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U.S. Treasury Department Imposes Sanctions On Venezuelan Supreme Court

A protester demonstrates against the Venezuelan government outside the Organization of American States during a special meeting in April. The Trump administration has imposed economic sanctions on members of the country's Supreme Court.
A protester demonstrates against the Venezuelan government outside the Organization of American States during a special meeting in April. The Trump administration has imposed economic sanctions on members of the country's Supreme Court.

The U.S. Treasury Department is freezing the assets of eight members of Venezuela's Supreme Court of Justice as a result of rulings that the U.S. says have usurped the power of that country's democratically elected National Assembly.

The sanctions were announced in a statement by Treasury Secretary Steven Mnuchin:

"The Venezuelan people are suffering from a collapsing economy brought about by their government's mismanagement and corruption. Members of the country's Supreme Court of Justice have exacerbated the situation by consistently interfering with the legislative branch's authority. By imposing these targeted sanctions, the United States is supporting the Venezuelan people in their efforts to protect and advance democratic governance in their country."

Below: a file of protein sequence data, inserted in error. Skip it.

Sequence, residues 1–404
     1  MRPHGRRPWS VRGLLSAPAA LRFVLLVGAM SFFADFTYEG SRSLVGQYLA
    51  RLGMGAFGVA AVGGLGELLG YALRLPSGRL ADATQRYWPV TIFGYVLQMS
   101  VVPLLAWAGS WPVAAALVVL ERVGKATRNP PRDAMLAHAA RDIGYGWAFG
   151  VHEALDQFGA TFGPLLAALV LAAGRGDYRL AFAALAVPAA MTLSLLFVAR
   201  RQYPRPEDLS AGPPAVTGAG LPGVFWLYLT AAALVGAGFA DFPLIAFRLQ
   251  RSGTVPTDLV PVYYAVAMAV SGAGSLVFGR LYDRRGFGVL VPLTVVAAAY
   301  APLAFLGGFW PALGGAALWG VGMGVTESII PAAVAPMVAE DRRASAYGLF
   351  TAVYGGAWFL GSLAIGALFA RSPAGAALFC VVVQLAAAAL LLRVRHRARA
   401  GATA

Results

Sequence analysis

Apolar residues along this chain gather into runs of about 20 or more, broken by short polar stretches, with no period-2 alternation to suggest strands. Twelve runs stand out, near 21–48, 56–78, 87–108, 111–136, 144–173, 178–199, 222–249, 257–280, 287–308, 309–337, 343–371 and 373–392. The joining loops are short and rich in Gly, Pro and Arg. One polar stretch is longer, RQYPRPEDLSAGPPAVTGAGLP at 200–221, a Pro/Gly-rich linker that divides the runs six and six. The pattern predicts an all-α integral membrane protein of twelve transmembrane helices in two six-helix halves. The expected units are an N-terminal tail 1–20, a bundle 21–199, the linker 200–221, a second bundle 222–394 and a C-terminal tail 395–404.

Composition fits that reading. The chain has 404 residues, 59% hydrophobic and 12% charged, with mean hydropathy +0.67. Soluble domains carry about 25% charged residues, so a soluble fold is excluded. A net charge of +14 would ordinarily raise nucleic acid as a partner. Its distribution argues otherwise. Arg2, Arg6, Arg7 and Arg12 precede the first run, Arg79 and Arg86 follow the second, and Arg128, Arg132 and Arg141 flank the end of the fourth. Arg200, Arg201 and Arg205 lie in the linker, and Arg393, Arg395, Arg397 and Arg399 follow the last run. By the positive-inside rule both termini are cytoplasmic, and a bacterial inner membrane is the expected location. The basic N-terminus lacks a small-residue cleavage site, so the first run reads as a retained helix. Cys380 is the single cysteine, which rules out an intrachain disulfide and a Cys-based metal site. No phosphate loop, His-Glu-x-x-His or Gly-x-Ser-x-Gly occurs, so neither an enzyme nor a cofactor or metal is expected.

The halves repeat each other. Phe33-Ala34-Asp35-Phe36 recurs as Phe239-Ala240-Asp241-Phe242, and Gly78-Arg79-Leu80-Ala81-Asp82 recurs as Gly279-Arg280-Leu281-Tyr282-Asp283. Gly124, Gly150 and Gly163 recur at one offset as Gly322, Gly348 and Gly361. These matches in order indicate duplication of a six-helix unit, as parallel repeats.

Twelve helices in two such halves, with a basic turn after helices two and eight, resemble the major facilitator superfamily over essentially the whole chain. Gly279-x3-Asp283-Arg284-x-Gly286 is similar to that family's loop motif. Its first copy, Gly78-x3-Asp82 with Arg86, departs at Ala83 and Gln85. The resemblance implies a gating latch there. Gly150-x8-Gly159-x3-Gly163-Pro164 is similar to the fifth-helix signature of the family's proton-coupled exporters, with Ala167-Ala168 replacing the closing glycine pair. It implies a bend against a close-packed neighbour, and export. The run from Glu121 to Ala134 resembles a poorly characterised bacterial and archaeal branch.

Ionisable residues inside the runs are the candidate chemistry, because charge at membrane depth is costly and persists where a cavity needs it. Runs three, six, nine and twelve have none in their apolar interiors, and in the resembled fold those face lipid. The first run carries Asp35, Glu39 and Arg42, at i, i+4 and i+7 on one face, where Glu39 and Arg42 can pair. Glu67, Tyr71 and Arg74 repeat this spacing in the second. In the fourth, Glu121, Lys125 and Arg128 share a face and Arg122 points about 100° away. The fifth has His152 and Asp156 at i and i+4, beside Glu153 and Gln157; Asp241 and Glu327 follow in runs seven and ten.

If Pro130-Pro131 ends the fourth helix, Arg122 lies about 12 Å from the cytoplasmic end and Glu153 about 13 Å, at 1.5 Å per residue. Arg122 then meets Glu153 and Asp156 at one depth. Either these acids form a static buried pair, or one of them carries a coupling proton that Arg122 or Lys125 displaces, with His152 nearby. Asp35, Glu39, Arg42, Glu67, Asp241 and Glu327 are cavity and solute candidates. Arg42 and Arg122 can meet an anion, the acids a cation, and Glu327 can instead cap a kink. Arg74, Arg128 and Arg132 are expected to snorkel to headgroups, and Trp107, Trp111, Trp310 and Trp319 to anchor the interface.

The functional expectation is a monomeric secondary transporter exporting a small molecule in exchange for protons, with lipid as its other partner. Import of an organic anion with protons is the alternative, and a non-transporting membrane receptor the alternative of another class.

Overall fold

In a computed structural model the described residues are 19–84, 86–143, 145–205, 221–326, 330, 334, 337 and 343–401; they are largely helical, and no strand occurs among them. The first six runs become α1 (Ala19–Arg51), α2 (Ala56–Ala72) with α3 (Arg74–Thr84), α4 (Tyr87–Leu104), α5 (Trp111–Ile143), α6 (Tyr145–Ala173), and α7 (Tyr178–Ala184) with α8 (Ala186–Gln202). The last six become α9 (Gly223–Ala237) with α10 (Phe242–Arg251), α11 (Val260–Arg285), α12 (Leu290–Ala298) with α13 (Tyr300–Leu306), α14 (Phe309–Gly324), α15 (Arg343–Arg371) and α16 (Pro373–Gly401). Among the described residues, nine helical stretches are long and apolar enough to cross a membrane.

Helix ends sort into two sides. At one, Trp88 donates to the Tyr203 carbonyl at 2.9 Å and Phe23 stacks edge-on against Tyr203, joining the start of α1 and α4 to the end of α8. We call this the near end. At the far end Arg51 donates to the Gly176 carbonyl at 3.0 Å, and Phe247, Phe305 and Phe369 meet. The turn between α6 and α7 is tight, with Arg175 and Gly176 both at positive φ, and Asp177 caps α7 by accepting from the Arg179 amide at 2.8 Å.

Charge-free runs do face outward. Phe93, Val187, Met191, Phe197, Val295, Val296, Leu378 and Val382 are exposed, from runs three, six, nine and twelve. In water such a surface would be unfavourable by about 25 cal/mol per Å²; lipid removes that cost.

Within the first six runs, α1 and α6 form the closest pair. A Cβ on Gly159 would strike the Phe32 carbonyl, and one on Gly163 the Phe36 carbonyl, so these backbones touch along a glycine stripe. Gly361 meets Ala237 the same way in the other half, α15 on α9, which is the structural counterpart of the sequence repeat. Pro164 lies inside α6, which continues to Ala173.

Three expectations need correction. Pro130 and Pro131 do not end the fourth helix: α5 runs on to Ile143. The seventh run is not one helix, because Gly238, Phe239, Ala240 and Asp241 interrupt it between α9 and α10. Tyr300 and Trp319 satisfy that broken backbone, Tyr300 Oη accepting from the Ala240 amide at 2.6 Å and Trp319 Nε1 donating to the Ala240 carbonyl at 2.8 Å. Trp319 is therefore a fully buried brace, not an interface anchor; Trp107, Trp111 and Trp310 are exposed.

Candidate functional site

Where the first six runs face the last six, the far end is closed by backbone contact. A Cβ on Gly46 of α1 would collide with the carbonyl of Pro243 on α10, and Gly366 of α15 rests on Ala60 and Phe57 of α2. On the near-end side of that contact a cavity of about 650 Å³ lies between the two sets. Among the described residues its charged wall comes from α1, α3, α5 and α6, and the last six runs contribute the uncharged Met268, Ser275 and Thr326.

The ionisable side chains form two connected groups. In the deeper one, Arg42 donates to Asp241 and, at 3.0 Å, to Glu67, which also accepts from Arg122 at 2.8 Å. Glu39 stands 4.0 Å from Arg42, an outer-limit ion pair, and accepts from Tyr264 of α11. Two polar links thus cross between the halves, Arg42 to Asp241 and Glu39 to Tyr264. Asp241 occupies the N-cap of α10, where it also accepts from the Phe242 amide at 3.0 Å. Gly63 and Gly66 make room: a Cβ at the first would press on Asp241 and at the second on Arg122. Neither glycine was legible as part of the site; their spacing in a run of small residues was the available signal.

As reported in the Two-Way, the economic and political crisis in Venezuela has sparked weeks of unrest.

In March, the Venezuelan Supreme Court temporarily dissolved the National Assembly and assumed the powers of the legislature. The high court is dominated by loyalists of President Nicolas Maduro.

That action, which was later reversed in the face of international criticism and street protests, was one of a half-dozen rulings by the court that U.S. officials say "interfere with or limit the National Assembly's authority."

Among those sanctioned is Maikel Jose Moreno Perez, president of the Supreme Court. His assets within U.S. jurisdiction and those of seven other justices have been frozen and U.S. citizens are prohibited from doing business with them.

The announcement came not long after President Trump addressed the Venezuelan crisis in remarks at the White House with Colombian President Juan Manuel Santos.

"When you look at the oil reserves that they have, when you look at the potential wealth that Venezuela has, you sort of have to wonder, why is that happening? How is that possible? But it's been unbelievably poorly run for a long period of time. And hopefully that will change," said Trump.

This is not the first time the Trump administration has imposed sanctions on Venezuelan leaders. In February, the target was Vice President Tareck El Aissami, whom U.S. officials accuse of being involved in international drug trafficking.

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